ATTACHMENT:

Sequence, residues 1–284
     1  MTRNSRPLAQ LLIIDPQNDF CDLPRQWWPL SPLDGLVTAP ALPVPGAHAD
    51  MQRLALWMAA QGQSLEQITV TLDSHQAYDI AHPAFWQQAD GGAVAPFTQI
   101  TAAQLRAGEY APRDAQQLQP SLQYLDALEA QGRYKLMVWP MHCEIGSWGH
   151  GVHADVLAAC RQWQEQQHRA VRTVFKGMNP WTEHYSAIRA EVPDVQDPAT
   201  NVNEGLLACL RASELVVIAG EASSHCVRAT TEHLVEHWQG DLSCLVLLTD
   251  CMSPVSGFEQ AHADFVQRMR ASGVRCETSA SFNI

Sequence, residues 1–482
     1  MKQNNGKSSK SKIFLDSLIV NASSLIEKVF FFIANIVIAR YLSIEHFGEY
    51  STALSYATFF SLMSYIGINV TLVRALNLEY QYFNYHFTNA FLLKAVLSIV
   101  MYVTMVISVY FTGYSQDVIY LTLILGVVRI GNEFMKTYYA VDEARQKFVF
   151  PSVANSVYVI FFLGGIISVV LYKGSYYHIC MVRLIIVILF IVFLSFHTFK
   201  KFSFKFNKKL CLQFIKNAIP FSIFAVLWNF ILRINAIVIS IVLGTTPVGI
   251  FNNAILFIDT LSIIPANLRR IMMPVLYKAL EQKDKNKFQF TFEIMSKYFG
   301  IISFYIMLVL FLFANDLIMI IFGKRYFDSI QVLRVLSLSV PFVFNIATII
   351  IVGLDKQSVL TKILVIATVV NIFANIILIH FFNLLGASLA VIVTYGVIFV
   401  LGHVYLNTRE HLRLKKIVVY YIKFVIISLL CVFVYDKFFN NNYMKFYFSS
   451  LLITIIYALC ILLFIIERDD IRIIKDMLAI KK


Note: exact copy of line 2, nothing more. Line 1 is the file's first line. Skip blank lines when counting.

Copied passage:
     1  MTRNSRPLAQ LLIIDPQNDF CDLPRQWWPL SPLDGLVTAP ALPVPGAHAD